Johns Hopkins physics professor shares in $3 million award
BALTIMORE (AP) — A physics professor at Johns Hopkins University will share in a $3 million prize for his research into the origins of the universe.
The university said in a statement Sunday that Charles L. Bennett led a NASA project that provided the first-ever “baby picture” of the universe.
The scientists revealed key properties of the cosmos by measuring its oldest light. For instance, the universe is 13.8 billion years old. Only five percent of it is made up of atoms. About 70 percent of the universe is dark energy, a kind of anti-gravity that was first introduced by Albert Einstein.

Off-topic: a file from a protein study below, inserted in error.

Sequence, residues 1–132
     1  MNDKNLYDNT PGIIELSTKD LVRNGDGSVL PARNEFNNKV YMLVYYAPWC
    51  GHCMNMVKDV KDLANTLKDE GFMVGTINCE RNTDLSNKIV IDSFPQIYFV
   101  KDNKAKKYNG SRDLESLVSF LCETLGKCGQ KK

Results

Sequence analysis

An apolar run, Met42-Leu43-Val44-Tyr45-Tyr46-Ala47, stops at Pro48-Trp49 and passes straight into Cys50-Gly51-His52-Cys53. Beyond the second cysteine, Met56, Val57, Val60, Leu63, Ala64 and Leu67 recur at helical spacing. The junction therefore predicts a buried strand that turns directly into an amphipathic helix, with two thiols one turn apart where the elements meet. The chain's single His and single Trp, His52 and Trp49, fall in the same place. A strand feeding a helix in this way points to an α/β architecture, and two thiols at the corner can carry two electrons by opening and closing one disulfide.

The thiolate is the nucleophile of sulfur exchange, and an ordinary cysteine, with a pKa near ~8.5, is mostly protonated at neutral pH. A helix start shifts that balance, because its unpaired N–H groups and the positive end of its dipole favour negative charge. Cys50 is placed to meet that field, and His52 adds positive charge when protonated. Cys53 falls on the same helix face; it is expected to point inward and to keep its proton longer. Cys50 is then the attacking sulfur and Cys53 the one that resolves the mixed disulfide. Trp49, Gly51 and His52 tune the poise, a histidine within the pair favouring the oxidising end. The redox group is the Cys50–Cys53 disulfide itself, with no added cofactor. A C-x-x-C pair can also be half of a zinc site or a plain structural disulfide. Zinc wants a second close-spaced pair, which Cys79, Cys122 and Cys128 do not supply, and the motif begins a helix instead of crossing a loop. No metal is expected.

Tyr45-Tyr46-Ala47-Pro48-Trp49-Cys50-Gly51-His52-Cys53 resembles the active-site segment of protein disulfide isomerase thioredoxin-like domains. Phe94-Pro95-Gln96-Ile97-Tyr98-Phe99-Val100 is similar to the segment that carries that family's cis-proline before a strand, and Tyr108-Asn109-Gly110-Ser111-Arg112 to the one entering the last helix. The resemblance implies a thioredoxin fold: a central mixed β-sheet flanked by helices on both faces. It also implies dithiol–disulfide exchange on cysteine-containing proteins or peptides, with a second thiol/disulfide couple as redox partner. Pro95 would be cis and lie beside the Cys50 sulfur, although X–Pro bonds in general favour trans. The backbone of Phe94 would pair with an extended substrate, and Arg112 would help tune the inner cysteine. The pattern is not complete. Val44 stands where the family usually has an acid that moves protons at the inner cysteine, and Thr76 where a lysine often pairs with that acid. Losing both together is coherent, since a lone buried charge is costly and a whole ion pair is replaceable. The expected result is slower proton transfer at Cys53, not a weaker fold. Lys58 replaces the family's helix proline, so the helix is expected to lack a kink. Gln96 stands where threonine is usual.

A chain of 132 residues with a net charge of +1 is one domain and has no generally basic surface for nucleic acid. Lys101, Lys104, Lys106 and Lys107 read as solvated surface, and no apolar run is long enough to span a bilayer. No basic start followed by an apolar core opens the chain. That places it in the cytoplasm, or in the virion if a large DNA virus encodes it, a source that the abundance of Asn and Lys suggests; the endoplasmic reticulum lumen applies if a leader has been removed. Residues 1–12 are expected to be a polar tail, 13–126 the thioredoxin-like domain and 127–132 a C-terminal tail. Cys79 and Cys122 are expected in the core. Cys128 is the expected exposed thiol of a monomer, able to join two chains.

Bennett was named a recipient of the Breakthrough Prize in Fundamental Physics. He helmed the Wilkinson Microwave Anisotropy Probe (WMAP) space mission. The mission’s science team will share the prize.